Gymnastic Event Descriptions
Gymnasts perform complicated vaults in different body positions, such as tucked, piked or stretched. The best vaulters are explosive off the springboard, as well as when pushing off the table.
Judges watch for proper body alignment, form, quick repulsion, the height and distance traveled, as well as the number of saltos and twists. Generally, the more saltos and twists, the higher the difficulty value of the vault. In addition, gymnasts should “stick” their landings by taking no extra steps.
In qualifying and all-around finals, each gymnast performs one vault. In the team qualifying competition, any gymnast wishing to qualify to the individual event finals for vault must perform a second vault from another vault skills group. The score of the first vault counts toward the team score; the vaults are averaged for qualification to vault finals. In individual event vault finals, the gymnast must perform two vaults from different vault groups. An average is determined from the two scores.
The entire performance happens very quickly. The gymnast must stay intensely focused and be prepared for the ground when it is time to land. Speed, power and spatial awareness are essential to performing high-level vaults correctly.
The floor exercise gives gymnasts the chance to express their personalities through their music choice and choreography. Gymnasts often get energy from the crowd and they usually welcome audience participation in clapping to the beat. Throughout the routine, the gymnast must harmoniously blend dance elements and tumbling while making versatile use of floor space, changing both the direction and level of movement.
The quality of grace may be disguised by movements of playful theatrics, but look for a dancer-like command of music, rhythm and space. The gymnastics elements should flow freely into each other while the leaps cover impressive distances and the pirouettes and turns add excitement to the routine.
The floor routine is choreographed to music, lasting no more than 90 seconds and covering the entire floor area. There are several special requirements, such as leaps and turns, and the trend is to have four tumbling passes.
It requires beauty, strength, power and stamina to continue at peak performance throughout the entire exercise. While the routine is no more than 90 seconds, athletes must maintain energy and excellence, which can be challenging because of the demanding content in the exercise.
Often a crowd favorite, the uneven bars demand excellent upper-body strength, split-second timing and an aggressive approach.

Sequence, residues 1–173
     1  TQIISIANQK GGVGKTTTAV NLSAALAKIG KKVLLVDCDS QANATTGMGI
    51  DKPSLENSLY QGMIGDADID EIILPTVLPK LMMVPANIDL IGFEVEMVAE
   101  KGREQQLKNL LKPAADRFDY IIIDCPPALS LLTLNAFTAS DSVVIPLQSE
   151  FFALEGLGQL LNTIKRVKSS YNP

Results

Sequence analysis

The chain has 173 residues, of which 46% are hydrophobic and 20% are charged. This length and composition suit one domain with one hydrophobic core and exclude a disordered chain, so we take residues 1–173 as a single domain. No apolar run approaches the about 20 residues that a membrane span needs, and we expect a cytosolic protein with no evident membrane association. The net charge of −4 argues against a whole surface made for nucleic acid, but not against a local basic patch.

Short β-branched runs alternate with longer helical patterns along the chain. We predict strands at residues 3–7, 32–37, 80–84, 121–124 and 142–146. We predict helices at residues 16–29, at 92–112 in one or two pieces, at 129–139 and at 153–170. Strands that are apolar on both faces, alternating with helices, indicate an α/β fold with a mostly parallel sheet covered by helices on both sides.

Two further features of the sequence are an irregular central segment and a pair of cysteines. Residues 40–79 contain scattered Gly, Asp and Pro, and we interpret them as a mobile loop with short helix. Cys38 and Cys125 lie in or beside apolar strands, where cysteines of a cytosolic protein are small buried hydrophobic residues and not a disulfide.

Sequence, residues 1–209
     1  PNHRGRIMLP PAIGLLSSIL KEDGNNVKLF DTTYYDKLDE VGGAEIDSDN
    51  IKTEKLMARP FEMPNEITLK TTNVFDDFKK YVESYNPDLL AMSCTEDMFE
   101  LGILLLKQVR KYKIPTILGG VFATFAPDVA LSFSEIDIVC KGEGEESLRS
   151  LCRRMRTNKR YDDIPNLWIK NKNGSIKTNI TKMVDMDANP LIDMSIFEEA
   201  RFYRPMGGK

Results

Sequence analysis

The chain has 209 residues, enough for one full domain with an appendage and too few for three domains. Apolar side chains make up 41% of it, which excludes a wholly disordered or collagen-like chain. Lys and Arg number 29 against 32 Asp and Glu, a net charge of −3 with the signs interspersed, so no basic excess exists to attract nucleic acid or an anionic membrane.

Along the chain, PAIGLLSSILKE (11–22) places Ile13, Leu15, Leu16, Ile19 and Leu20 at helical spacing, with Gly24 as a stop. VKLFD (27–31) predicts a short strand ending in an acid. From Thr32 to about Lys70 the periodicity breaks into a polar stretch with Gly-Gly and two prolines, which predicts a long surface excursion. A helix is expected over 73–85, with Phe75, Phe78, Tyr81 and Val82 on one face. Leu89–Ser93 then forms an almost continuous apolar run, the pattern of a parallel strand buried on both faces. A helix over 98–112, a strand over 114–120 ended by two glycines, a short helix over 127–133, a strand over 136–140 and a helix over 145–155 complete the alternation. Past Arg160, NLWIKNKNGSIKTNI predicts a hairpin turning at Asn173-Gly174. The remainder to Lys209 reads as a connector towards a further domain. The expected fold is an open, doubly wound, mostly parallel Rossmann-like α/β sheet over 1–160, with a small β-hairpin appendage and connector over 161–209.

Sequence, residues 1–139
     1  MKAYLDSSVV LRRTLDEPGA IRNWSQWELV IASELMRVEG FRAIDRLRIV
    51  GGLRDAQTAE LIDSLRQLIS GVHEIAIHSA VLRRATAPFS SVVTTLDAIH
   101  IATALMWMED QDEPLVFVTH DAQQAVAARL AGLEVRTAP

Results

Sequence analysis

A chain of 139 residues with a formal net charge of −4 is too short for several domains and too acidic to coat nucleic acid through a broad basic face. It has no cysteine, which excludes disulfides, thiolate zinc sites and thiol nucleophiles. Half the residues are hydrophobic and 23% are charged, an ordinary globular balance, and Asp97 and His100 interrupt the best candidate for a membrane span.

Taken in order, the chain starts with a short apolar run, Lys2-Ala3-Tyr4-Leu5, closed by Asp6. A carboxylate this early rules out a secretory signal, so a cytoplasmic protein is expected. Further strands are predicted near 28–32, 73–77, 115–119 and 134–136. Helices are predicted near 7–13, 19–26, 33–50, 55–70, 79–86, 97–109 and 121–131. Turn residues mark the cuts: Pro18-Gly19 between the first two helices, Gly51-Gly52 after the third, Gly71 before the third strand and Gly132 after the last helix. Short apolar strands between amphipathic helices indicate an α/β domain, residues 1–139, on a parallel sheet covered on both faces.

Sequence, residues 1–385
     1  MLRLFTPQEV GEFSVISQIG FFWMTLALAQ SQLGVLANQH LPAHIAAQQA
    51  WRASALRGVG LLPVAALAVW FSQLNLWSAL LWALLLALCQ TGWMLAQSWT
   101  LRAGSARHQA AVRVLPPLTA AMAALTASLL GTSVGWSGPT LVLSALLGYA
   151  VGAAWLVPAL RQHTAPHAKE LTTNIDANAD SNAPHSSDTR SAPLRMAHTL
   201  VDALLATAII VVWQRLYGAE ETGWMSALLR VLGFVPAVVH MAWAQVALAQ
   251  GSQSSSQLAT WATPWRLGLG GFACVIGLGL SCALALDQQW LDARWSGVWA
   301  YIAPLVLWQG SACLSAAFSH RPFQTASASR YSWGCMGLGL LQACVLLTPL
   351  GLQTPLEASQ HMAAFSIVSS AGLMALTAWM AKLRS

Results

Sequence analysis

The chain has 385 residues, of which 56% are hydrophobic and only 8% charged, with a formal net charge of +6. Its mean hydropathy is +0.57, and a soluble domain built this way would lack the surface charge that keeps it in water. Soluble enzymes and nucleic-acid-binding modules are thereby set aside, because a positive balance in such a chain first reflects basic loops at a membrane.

The entire routine should flow from one movement to the next without pauses, extra swings or additional supports. The most daring parts of the routine are often in the high-flying release moves and dismounts. Release moves can go from low bar to high bar, from high bar to low bar, or from releasing one bar and regrasping the same bar. Many gymnasts also use pirouetting into release moves to earn a high difficulty value. Exact handstand positions are expected with large deductions for even minor deviations.
It requires courage and precision to be able to release and re-grasp the bars. Perfect form, straight body lines in the vertical position and a stuck landing are essential to performing well.
Just four inches wide, the balance beam challenges gymnasts because they must execute routines that give the impression that they are performing on the floor. The world’s best seem to “attack” the beam and are very confident while demonstrating excellent height, flexibility and power.
The beam routine may not exceed 90 seconds and must cover the entire length of the beam. Gymnasts must use acrobatic and dance movements to create high points or peaks in the exercise, consisting of two or more elements performed in a series.
An example of an acrobatic series is a back handspring to a back salto. A gymnastics series might consist of a turn followed by a split jump.
Gymnasts also complete several requirements other than the acrobatic and gymnastics series. For example, she must complete a turn of at least 360 degrees on one foot and she also must perform a leap or jump with 180 degrees forward split of the legs. If a gymnast does not successfully complete one of the several requirements, a deduction is taken.
It takes courage and concentration to perform difficult tumbling and dance skills on the thin beam. Gymnasts often dread the event because a fall off the apparatus means a 1.00 deduction.